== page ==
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National Park Centennial

As you are probably aware, 2016 marks the centennial of the National Park Service.  All year long, there will be special programs and information about the wonderful national parks in our country.  I love to watch CBS Sunday Morning News (taped of course.  Sunday mornings are usually a bit busy around here).  Every broadcast this year will include a hike in one of the parks.

This important to us, not only because we appreciate the beauty and majesty of the wonderful national parks  in our country, but also because one of those parks is right in our backyard.  The Great Smoky Mountain National Park straddles the North Carolina/Tennessee border.  One of the side roads into the park is just  one and a half mile from the inn.  The main entrance in Cherokee is just 8 miles from the inn.  While we are familiar with the park and visit it often, we never want to take it for granted.  It is a remarkable natural treasure, and I thought you’d like to know a few facts about it:

      * The Great Smoky Mountain National Park was chartered in 1932 and officially added to the National Park system in 1940        * It consists of 522,419 acres or just over 816 square miles, making it one of the large protected areas in the eastern US               *  Its elevation ranges from 876 ft  to 6,643 feet at Clingman’s Dome                                                                                                            * It has 850 miles of hiking trails including the Appalachian Trail that runs along the crest of the Smokes and the boundary between North Carolina and Tennessee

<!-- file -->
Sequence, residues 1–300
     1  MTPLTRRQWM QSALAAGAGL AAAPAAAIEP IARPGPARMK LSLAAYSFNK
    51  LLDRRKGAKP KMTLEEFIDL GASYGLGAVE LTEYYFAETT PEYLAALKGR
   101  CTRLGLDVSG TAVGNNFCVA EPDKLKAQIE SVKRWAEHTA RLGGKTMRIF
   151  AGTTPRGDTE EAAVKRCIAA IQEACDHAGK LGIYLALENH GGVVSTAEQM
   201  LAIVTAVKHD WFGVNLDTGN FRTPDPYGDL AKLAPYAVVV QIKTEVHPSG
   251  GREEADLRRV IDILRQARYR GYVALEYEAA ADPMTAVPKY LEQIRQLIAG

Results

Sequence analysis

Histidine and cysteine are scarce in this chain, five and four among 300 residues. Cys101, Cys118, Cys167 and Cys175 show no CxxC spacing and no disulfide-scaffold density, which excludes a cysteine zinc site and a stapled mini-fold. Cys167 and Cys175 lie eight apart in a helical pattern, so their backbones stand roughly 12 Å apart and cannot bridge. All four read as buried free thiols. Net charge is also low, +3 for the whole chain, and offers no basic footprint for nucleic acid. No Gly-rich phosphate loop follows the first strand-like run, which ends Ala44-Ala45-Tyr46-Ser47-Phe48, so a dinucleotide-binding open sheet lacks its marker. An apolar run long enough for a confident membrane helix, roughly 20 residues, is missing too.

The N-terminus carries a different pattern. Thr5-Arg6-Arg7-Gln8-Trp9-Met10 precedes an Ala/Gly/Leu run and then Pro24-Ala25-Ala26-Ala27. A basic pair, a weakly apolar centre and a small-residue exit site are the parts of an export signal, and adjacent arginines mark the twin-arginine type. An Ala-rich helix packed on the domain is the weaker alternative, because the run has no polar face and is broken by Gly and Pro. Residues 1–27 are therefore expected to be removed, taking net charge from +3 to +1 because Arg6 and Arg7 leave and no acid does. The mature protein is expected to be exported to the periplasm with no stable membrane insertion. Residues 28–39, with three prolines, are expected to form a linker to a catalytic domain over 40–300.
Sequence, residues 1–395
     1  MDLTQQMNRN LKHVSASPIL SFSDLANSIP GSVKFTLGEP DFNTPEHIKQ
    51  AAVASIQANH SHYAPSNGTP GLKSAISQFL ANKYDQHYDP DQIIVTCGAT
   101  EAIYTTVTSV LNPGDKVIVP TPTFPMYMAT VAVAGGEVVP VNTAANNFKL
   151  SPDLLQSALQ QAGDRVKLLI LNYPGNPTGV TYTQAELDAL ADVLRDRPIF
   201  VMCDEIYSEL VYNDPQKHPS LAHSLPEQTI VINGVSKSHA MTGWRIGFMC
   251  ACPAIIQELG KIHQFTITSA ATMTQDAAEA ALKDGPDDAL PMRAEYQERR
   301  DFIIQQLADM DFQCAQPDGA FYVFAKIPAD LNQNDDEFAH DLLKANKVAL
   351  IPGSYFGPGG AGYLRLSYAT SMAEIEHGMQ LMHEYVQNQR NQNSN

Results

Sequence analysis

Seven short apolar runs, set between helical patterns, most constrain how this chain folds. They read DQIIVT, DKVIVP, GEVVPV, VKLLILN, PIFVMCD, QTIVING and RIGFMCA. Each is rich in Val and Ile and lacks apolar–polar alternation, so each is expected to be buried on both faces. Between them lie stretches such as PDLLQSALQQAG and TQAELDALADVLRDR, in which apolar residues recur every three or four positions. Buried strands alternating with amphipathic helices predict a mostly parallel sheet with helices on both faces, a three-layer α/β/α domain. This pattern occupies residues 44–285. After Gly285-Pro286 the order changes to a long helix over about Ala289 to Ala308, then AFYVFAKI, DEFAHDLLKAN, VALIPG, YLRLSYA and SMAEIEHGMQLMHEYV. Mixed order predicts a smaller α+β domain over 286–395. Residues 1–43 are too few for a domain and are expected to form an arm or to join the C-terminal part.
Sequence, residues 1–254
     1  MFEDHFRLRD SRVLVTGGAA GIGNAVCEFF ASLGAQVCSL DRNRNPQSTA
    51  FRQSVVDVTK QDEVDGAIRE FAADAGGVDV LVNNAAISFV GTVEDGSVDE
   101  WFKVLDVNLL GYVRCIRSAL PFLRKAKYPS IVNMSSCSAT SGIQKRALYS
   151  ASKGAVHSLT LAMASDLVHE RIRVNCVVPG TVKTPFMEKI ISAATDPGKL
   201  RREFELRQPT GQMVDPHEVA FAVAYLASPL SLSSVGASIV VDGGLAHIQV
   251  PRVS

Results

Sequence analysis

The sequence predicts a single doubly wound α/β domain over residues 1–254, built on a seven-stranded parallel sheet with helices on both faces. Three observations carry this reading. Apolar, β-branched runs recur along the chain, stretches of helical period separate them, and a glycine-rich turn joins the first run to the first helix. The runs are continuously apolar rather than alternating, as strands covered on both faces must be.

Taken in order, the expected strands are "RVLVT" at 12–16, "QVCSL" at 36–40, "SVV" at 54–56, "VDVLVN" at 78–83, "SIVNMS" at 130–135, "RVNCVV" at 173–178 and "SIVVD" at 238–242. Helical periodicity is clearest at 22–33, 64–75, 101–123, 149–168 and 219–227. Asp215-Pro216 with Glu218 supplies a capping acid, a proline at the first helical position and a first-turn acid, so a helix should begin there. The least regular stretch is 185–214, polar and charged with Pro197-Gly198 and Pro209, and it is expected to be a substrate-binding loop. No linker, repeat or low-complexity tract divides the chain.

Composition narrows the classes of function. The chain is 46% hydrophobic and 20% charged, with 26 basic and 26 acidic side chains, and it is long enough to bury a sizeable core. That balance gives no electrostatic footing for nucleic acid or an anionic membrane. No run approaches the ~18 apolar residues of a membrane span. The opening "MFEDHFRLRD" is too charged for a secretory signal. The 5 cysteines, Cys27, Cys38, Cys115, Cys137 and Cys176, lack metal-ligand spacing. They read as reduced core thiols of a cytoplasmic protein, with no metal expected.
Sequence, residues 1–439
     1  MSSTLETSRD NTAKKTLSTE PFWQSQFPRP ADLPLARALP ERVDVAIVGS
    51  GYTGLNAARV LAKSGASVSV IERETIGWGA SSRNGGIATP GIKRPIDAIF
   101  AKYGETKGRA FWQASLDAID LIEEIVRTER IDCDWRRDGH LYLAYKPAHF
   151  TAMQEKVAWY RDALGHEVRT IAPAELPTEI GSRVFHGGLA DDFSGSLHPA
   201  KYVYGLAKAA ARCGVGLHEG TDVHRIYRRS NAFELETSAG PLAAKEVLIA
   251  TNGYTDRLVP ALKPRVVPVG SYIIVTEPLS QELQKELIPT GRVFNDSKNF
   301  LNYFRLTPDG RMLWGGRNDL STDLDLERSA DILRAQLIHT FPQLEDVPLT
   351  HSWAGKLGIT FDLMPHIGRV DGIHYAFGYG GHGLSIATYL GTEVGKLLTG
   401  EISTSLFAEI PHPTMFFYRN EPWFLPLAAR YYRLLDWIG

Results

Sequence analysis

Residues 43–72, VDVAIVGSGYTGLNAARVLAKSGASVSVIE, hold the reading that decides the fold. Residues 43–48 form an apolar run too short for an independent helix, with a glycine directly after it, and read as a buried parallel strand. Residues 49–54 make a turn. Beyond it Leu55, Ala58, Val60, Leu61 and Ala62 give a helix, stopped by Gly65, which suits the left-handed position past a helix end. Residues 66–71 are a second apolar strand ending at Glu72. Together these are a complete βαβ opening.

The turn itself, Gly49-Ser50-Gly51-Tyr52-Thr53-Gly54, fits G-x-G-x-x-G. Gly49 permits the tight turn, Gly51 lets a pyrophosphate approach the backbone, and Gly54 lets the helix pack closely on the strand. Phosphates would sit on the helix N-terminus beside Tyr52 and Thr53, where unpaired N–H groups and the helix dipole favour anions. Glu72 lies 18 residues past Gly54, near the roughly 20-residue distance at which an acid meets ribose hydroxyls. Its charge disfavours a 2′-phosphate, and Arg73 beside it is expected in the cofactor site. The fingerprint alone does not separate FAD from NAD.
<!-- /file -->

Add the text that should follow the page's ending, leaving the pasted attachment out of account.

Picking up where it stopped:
*  It was designated an International Biosphere Reserve in 1988 and contains:

                       200 species of birds; 66 species of mammals; 50 species of fish; 39 species of reptiles; 43 species of amphibians; 100 species of trees; 4000 species of nonflowering plants; and 1400 species of flowering plants…

It is also the habitat  of @1500 black bear

*The park receives about 55 inches of rain each year and is filled with waterfalls and  streams

The Great Smoky Mountain National Park is by far the most visited park in the system.  It has twice as many visitors each year than any other park in the country.  It is a national treasure, and it is virtually in our backyard and easily accessible to millions of Americans living in the eastern United States, including many of you.

We invite you to celebrate the centennial of our National Park System and come visit the Great Smoky Mountains National Park this summer.  There is a world of beauty and outdoor activities waiting for you. It a land of  adventure.

Hemlock Inn is located next door to the park and is available to help experience the Appalachians. Let us know how we can help.


Beautiful Smoky mountain vista, as photographed here by innkeeper Mort White.

Beautiful Smoky mountain vista,  photographed by Hemlock Inn innkeeper Mort White.